We are all human; we all have emotions. We will either bury them, lash out with them, or let them slowly leak out. Jesus prayed his emotions out in his safe place with his Father God. Each of us has a story in God’s family. Each of us has a safe listener in God.  We are of infinite value to him.

Where are you in the journey of owning your story? Take time to share your feelings with a trusted person. If you are having difficulty with some emotions, it’s okay to ask for help.

By Donna Burns

  • Subscribe to be notified when we publish
  • This field is for validation purposes and should be left unchanged.

What Do We Do With Our Emotions? | Luke 22:39-462019-07-22T16:35:24-06:00

Trusting Your Heart | Practice

Aligning ourselves with God’s will as we listen to our hearts can be pretty tricky and messy, can’t it? This week you may have felt uncomfortable with this idea or unsure of how it could practically play out in real life.

Let’s put some skin on our devo themes by intentionally calling to mind a decision you have recently made or are processing currently. This could be a decision about a relationship – whether or not to date or marry a certain person. It could be a decision about vocation – which kind of job to pursue and where. It could involve education – where to go to school or send your kids (or homeschool). This could be a decision about money, sex, time management, life goals, etc. Whatever it is that is tugging at your heart right now, think about that one decision.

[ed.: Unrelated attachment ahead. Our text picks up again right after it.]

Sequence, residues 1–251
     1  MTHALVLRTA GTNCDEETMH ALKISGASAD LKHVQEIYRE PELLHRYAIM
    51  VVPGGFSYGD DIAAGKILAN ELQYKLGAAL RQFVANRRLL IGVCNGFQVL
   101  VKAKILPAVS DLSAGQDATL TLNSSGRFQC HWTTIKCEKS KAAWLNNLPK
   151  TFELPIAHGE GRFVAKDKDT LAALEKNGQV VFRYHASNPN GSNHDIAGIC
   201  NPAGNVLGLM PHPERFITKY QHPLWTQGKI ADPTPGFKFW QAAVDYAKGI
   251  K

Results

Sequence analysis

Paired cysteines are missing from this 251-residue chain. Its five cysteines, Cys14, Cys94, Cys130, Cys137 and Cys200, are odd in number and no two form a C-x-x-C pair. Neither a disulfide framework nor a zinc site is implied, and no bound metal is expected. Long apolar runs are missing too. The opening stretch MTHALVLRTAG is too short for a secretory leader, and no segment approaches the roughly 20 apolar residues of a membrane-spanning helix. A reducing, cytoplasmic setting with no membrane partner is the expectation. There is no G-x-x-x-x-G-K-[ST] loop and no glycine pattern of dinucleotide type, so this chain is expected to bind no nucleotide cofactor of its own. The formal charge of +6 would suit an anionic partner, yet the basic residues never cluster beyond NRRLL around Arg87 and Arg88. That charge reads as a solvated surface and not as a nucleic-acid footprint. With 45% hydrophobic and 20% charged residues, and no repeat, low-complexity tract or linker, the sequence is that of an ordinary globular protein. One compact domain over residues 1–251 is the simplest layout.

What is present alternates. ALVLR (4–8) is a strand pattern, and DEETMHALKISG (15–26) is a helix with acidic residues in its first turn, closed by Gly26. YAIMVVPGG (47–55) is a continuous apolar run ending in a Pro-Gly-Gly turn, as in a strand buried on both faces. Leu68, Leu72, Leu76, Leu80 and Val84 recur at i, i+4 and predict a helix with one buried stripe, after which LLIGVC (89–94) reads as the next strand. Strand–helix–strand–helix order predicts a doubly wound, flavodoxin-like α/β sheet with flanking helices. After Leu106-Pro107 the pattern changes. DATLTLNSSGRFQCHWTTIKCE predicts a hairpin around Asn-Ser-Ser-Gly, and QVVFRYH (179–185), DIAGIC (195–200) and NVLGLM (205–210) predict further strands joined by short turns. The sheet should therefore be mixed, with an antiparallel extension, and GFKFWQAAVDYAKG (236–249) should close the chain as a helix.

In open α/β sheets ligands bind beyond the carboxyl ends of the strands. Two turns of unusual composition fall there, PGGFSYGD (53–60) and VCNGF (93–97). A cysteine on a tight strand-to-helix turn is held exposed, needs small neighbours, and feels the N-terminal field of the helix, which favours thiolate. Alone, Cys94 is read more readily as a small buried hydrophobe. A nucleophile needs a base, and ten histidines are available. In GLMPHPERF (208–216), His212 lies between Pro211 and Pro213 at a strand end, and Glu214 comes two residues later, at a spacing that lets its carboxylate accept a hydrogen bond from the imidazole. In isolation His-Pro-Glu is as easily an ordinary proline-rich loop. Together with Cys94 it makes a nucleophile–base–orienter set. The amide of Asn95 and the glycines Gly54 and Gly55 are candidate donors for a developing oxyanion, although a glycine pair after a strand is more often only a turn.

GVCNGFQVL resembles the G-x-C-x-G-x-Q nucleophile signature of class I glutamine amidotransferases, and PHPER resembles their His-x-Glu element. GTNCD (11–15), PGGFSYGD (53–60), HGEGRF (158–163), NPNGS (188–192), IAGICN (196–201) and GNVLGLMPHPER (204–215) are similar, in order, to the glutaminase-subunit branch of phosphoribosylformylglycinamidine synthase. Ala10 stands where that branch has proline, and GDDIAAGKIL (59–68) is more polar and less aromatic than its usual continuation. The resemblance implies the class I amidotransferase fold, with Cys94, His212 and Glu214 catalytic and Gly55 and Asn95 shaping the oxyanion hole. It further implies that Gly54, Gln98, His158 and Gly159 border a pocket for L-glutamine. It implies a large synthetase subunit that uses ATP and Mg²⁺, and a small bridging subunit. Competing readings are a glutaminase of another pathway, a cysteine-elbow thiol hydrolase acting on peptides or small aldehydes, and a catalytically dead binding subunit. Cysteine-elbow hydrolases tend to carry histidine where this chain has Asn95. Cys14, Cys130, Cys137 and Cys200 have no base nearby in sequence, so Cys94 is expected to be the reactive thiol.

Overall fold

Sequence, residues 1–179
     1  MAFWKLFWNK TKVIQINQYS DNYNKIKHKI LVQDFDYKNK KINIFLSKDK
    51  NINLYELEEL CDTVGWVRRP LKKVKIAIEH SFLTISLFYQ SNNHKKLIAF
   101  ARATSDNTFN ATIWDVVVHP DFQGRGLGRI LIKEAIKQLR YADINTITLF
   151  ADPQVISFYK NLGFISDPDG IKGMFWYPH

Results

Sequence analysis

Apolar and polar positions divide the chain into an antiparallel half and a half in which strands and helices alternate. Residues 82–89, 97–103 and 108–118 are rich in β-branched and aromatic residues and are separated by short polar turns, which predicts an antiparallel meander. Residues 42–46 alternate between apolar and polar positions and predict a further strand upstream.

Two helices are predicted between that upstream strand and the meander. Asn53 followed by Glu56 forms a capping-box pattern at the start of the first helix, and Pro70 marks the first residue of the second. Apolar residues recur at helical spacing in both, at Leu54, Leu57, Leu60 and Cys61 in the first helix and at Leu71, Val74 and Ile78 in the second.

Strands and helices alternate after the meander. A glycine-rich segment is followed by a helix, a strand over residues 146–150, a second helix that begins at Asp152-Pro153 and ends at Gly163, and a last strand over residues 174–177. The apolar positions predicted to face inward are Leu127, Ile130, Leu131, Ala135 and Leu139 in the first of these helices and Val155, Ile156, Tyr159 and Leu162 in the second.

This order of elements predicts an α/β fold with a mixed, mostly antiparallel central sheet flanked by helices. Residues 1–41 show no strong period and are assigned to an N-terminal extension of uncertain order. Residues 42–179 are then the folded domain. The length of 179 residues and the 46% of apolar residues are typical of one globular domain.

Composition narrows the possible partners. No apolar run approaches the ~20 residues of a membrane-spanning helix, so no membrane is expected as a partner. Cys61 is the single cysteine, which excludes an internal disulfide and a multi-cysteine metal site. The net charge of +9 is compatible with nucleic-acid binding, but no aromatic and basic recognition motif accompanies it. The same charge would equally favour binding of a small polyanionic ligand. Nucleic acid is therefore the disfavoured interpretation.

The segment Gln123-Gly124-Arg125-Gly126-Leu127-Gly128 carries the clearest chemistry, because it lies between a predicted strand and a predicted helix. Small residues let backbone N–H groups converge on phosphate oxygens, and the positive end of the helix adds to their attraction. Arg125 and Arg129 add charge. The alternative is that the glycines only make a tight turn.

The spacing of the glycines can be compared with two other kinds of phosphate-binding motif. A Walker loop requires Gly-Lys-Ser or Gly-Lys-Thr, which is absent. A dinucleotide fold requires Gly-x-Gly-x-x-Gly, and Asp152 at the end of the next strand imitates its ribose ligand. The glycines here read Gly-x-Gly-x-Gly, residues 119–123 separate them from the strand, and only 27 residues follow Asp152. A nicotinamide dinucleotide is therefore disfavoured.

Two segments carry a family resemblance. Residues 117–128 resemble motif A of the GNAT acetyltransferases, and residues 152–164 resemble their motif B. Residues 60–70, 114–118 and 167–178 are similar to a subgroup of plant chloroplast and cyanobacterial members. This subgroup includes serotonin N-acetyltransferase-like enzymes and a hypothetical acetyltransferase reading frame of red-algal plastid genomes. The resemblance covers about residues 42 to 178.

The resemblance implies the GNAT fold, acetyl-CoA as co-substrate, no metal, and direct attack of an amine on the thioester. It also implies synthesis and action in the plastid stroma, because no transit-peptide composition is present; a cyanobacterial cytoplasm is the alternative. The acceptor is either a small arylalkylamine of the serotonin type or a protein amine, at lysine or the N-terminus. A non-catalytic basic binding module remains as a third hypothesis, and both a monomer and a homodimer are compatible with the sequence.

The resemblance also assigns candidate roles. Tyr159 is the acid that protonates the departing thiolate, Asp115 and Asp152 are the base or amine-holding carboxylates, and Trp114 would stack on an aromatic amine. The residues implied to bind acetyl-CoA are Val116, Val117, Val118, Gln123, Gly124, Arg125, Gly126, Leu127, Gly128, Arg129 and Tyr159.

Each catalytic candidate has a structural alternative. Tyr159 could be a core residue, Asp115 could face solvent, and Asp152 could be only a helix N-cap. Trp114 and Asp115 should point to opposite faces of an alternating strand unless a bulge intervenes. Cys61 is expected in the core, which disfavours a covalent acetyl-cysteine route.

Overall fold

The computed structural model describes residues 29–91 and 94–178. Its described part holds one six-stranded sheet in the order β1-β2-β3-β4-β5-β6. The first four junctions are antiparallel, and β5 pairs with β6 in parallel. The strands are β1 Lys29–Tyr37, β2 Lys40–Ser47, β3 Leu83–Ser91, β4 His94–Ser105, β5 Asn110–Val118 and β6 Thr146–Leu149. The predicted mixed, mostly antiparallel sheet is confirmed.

Now, take that decision and as you breathe in deep invite the Holy Spirit to speak to and guide your heart. One more deep breath in as you lay your desires and motivations before him who knows all things. Move prayerfully through the next few questions, being fully honest with yourself and your creator.

If I had to make a decision right now on this which way would I lean on this decision what would it be? And would the decision lead me towards God (consolation)? Would it give me a deep sense of life-giving connection with God? With others? With myself? Or would the decision lead me away from God (desolation)? Would it carry with it a loss of a sense of God’s presence? Is aloneness, turmoil, confusion or even rebellion associated with this decision. Or does it feel like neither (as in a neutral, non-sin issue)?

Pray this prayer of surrender over your decision. Holy Spirit, I believe you are alive in my heart. Your power is stronger than the grave and I believe it is true that you give wisdom freely. I am asking for wisdom and I am choosing to believe that you speak to and move in my heart. As I walk forward in this decision, I pray that I would have peace and joy. Thank you for using our desires even in difficult decisions. I surrender my will and my hopes to you.

For further study and reflection, check out this helpful website about St. Ignatius of Loyola, who really emphasized the need for discerning the different movements of the heart (whether away from God or toward God).

By Ellen Rosenberger

  • Subscribe to be notified when we publish
  • This field is for validation purposes and should be left unchanged.

Trusting Your Heart | Practice2019-07-22T16:35:24-06:00
Go to Top